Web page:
More than a machine: Ribosome regulates viral protein synthesis, revealing potential therapeutic target

Nov 20, 2012

Viruses can be elusive quarry. RNA viruses are particularly adept at defeating antiviral drugs because they are so inaccurate in making copies of themselves. With at least one error in every genome they copy, viral genomes are moving targets for antiviral drugs, creating resistant mutants as they multiply. In the best-known example of success against retroviruses, it takes multiple-drug cocktails to corner HIV and narrow its escape route.

Rather than target themselves, aiming at the host cells they invade could hold promise, but any such strategy would have to be harmless to the host. Now, a surprising discovery made in ribosomes may point the way to fighting fatal viral infections such as rabies.

Results were published online November 19 in .

The has traditionally been viewed as the cell's molecular machine, automatically chugging along, synthesizing proteins the cell needs to carry out the functions of life. But Amy Lee, a former graduate student in the program of virology, and Sean Whelan, HMS professor of microbiology and immunobiology, now say the ribosome appears to take a more active role, regulating the translation of specific proteins and ultimately how some viruses replicate.

The researchers were studying differences between how viruses and the host cells they infect carry out the process of translating messenger RNAs (mRNAs) into proteins. Focusing on found on the surface of the ribosome, they discovered a protein that some viruses depend on to make other proteins, but that the vast majority of cellular mRNAs do not need.

Called rpL40, this could represent a target for potential treatments; blocking it would disable certain viruses while leaving normal cells largely unaffected.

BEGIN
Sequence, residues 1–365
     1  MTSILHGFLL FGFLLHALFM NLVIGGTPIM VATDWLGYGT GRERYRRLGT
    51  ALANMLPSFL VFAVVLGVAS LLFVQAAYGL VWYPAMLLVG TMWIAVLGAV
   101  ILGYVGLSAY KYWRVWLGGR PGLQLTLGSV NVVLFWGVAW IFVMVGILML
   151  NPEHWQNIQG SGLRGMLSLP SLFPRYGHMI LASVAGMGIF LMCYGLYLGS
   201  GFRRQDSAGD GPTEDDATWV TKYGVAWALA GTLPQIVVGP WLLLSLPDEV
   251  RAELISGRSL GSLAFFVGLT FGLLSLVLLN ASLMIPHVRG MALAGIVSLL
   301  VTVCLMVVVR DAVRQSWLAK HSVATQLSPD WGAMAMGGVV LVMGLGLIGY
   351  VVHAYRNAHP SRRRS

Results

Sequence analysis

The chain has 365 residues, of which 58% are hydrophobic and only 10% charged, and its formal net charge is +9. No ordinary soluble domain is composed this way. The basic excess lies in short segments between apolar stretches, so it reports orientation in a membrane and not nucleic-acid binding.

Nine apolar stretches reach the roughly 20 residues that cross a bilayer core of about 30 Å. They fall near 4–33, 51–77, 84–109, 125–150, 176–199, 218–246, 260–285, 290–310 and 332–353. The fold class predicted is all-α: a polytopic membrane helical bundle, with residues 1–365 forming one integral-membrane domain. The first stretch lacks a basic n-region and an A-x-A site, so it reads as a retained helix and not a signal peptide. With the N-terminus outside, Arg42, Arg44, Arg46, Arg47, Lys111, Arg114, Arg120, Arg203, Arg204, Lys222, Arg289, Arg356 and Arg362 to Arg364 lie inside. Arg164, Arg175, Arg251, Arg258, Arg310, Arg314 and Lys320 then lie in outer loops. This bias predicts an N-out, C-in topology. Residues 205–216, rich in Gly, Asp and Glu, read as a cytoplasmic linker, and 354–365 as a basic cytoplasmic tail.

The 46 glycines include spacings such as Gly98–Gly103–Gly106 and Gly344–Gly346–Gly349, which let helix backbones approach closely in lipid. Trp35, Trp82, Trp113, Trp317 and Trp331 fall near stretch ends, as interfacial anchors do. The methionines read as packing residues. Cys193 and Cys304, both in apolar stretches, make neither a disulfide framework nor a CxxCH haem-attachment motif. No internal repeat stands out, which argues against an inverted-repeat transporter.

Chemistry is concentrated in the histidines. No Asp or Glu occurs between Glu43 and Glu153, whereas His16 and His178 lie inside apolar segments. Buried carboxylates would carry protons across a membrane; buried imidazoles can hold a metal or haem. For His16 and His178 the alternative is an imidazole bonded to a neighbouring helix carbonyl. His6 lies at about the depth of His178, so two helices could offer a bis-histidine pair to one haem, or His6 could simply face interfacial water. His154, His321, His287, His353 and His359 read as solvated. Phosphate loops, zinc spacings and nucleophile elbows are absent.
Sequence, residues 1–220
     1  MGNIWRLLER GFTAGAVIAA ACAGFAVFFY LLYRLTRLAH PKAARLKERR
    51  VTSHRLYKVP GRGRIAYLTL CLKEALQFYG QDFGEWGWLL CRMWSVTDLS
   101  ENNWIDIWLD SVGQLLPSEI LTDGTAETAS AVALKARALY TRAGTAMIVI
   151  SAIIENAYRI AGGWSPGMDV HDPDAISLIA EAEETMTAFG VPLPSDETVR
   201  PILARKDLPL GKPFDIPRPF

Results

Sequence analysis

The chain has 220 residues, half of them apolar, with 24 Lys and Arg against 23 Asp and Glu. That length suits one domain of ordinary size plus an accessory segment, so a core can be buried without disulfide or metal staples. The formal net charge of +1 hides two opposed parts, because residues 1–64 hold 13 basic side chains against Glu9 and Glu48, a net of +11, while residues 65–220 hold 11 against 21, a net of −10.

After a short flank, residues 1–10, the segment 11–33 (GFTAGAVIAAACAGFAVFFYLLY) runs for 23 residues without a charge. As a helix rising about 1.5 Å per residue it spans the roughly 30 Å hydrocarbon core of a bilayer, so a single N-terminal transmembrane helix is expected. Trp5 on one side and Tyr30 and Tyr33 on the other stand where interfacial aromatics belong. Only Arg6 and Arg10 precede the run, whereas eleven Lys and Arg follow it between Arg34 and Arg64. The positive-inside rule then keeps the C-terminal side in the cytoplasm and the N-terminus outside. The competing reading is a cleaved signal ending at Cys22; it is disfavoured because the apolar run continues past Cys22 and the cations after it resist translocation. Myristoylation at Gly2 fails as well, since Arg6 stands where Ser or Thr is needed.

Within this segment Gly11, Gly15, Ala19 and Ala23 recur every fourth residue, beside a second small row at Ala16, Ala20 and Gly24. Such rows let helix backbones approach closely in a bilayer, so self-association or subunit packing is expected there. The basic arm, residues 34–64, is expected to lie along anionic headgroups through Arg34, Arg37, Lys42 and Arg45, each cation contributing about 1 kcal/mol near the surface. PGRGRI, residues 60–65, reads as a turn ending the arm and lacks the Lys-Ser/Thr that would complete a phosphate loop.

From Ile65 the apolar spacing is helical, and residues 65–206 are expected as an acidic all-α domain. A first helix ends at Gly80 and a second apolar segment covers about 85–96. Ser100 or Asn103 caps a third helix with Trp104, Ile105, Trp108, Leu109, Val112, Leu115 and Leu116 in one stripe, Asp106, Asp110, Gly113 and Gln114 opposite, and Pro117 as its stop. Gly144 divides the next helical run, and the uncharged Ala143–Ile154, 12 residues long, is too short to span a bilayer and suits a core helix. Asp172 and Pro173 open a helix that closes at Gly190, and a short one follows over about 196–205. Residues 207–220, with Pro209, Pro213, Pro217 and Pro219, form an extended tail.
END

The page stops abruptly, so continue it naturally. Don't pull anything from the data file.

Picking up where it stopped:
"Because certain viruses are very sensitive to the presence and absence of these ribosomal proteins, it might be a useful way for us to think about targeting ribosomes for therapeutic purposes from an antiviral standpoint," said Whelan. "This is a way to think about interfering with rabies virus infection. There are no therapeutics for rabies infection."

The team screened protein constituents of the ribosome to see which ones might be involved in specialized protein synthesis. Studying the vesicular stomatitis virus, a rhabdovirus in the same family as the rabies virus, they found that its mRNAs depended on rpL40 but only 7 percent of host-cellular mRNAs did. Some of the cellular mRNAs that depend upon rpL40 were stress response genes.

Experiments in yeast and human cells revealed that a class of viruses, which includes rabies and measles, depended on rpL40 for replication.

"This work reveals that the ribosome is not just an automatic molecular machine but instead also acts as a translational regulator," said first author Amy Lee, who is now a post-doctoral researcher at the University of California, Berkeley.

The concept of targeting cellular functions such as protein synthesis for antiviral therapies is being explored by a number of research groups, but there are no drugs based on this.

"We think the principle is bigger than just this single protein," Whelan said. "Viruses have an uncanny way of teaching us new biology all the time."

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Urgelt
not rated yet Nov 20, 2012
*Only* 7 per cent of host-cellular mRNAs rely on rpl40?

Sounds like a big number, then.

And they'll have to make sure that every single one of them is nonessential and harmless to block, if rpl40 is to be shut down by a drug.

Good luck with that.
Torbjorn_Larsson_OM
not rated yet Nov 22, 2012
This may be very neat. We know that early life was RNA/protein based, and we suspect that at least dsDNA viruses descended from the later dsDNA/protein universal ancestor. ["Giant viruses coexisted with the cellular ancestors and represent a distinct supergroup along with superkingdoms Archaea, Bacteria and Eukarya", Nasir et al, BMC Evolutionary Biology 2012.]

Similarly one can hypothesize that other virus clades have root protein functions, which have been lost in other clades. This ssRNA virus translation initiation pathway, which is a minor pathway in today's cells, may show that early ribosome functionality included protein translation regulation. A regulation later to be evolved centered on the DNA genome.

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